Clinics in several European countries are now creating so-called “three-parent babies,” with at least 10 babies having been born under a new procedure rife with serious ethical pitfalls.
The procedure is called mitochondrial replacement therapy, or MRT, and its proponents claim it is designed for women with defects in the mitochondria of their eggs that can cause infertility or a wide variety of disabilities including blindness, epilepsy, neurological problems, as well as heart, liver, and kidney diseases, to name a few. According to the Cleveland Clinic, about 1 in 5,000 people suffer from a genetic mitochondrial disease, with about 1,000 to 4,000 children born each year with a mitochondrial disease.
The MRT procedure aims to address a maternal parent’s problematic mitochondria by supplementing the sick parts of a mother’s ovum or egg with parts of a donor’s egg. In effect, a physician hollows out the nucleus of a donor’s egg while retaining the healthy mitochondria in the egg’s shell, then inserting the nucleus from the mother’s egg, where most of the DNA is located. The physician then uses in-vitro fertilization (IVF) to conceive several human embryos, which are then implanted into the mother’s womb, creating a “three parent” baby.
Although the procedure has not yet been widely accepted as a valid treatment, advocates will likely increasingly claim it will help women who have been unable to conceive using traditional IVF. As of now, the European Society of Human Reproduction and Embryology (ESHRE) notes that MRT “as a remedy for fertility treatment remains vague and unproven,” according to a statement on its website. The ESHRE thus “strongly discourages the use of mitochondrial donation to alleviate an infertility condition.” Yet the ESHRE leaves the door open to accepting the procedure by keeping its disapproval conditional only “until this technology has been proven to be effective and safe.”
Aside from the parental concerns, the procedure’s use of IVF is another huge problem. IVF is a $5.8 billion industry in the U.S. that commodifies and devalues human life in its most vulnerable stages. As Live Action News has reported, there are an estimated one million human embryos frozen in limbo created in IVF, and of these an estimated five to seven percent have been abandoned. Despite the noble efforts of some to adopt these frozen embryos, the vast majority face a dim prospect. Human embryos in the U.S. are kept frozen indefinitely; in the UK, they are destroyed after 10 years.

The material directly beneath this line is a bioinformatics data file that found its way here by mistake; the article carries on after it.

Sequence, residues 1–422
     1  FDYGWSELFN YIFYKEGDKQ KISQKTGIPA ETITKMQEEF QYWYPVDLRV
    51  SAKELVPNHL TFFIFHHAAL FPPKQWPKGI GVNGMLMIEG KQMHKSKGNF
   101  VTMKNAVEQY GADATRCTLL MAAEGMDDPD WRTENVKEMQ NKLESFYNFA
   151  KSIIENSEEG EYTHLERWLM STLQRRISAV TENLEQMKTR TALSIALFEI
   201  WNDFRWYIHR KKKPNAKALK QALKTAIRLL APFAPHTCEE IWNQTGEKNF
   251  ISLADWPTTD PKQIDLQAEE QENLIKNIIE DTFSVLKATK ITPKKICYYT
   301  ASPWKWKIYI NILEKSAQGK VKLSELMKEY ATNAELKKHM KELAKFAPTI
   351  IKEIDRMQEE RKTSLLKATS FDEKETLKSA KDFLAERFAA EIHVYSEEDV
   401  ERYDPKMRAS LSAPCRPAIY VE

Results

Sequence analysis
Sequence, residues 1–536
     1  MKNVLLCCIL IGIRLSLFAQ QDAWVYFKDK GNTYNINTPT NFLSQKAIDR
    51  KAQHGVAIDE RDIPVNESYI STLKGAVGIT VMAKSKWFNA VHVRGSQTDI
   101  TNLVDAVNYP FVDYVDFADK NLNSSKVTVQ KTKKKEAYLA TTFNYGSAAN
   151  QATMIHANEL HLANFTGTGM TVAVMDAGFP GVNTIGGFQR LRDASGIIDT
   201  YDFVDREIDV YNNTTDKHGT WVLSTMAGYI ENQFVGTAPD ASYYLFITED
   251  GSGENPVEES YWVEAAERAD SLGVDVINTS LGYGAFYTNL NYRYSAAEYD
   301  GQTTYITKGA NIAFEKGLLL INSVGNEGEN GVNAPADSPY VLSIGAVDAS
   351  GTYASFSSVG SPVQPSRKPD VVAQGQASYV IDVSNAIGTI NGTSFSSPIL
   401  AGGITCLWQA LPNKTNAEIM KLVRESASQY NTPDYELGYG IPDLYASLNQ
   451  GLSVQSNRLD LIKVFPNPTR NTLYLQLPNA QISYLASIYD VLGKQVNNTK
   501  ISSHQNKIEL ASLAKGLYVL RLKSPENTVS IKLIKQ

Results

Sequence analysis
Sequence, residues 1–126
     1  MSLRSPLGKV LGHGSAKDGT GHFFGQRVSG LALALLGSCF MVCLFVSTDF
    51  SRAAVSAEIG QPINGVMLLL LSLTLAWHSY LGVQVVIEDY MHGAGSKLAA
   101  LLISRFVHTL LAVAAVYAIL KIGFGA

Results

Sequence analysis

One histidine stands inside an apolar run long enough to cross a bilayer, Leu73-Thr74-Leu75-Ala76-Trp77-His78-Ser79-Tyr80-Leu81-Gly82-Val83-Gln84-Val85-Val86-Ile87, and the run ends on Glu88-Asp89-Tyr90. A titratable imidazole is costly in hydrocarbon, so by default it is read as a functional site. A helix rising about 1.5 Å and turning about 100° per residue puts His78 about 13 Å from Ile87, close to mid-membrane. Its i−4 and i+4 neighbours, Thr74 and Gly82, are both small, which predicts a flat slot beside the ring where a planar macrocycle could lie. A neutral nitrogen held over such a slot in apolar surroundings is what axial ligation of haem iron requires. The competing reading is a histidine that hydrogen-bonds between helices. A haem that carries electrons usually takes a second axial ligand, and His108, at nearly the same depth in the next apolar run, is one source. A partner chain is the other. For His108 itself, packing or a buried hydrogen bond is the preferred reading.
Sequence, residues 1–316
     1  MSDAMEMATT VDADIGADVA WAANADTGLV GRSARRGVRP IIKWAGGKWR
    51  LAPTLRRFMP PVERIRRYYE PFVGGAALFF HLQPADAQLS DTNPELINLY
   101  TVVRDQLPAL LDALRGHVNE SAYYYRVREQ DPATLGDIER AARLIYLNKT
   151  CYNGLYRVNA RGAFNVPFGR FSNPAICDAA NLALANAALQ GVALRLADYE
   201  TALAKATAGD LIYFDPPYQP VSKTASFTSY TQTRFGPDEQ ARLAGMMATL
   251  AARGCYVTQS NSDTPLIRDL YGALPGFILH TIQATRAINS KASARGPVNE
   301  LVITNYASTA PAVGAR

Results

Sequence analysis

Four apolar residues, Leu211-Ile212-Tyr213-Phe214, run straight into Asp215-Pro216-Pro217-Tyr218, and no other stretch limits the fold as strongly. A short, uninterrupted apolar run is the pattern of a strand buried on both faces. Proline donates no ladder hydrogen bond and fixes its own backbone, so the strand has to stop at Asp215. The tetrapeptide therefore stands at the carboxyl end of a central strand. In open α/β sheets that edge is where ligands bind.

IVF involves the implantation of multiple human embryos in a woman’s womb to increase the odds that at least one will survive. If this happens, physicians often recommend the euphemistically-termed “selective reduction,” which involves the horrific process of killing one or more preborn babies if too many survive.
IVF aside, MRT itself is rife with ethical problems. The creation of a baby with DNA from three parents is an uncharted and potentially dangerous form of genetic manipulation on human beings. “In the mitochondrial swapping scheme, it is significant that not just the mitochondria are ‘swapped’ but actually all the other structures of the cell come from the second woman’s egg as well (except for the nucleus and its chromosomes),” Father Tad Pacholczyk of the National Catholic Bioethics Center explains. “The final egg produced really belongs to neither woman, so that the technological manipulations introduce a fissure between any child conceived from the engineered egg and both ‘mothers.’ The child becomes ‘distanced’ and to a significant degree ‘orphaned’ from both women involved in the process.”
Despite all this, the MRT procedure was legalized in the United Kingdom in February 2015 by a 382-178 vote in the House of Commons, as Live Action News reported. The UK has since licensed one clinic to perform the procedure, and 14 women have been approved for it, although no known births yet have occurred. Clinics in Spain and Ukraine have received permission from their respective governments to use MRT procedures for women who have previously failed with IVF.
In the United States, a 2015 law that prohibits clinical trials on human embryos has effectively prohibited the procedure. There are some advocacy groups in the U.S. like the United Mitochondrial Disease Foundation (UMDF) who are pushing for liberalizing laws to allow the procedure: “We strongly support further scientific investigation of oocyte MRT as well as constructive debate towards the clinical approval of this therapy in women with mtDNA-related diseases. If demonstrated to be safe and efficacious, this technique should be made available with proper regulatory oversight as an option to families who carry mtDNA point mutations.”
In 2016, a fertility doctor from the U.S., John Zhang, carried out the MRT procedure on a woman in Mexico who had a mitochondrial disease and who ended up giving birth to a child. And an article in the New England Journal of Medicine said MRT “may be the poster child for highly targeted, personalized medicine,” as quoted by a SCIPOL article.
Given the procedure’s serious ethical problems, proponents of MRT would do better to advocate for more research into treatments that accomplish the same results while minimizing harm. One Catholic bishop in England during the 2015 debate about the UK Parliament’s proposed law struck the right tone: “Whilst the Church recognises the suffering that mitochondrial diseases bring and hopes that alternative methods of treatment can be found, it remains opposed on principle” to MRT. As Father Pacholczyk notes, MRT, “contrary to popular belief, is not an authentic example of ‘curing’ or ‘correcting’ a disease. It is an instance of setting up an alternative system for constructing a baby.”
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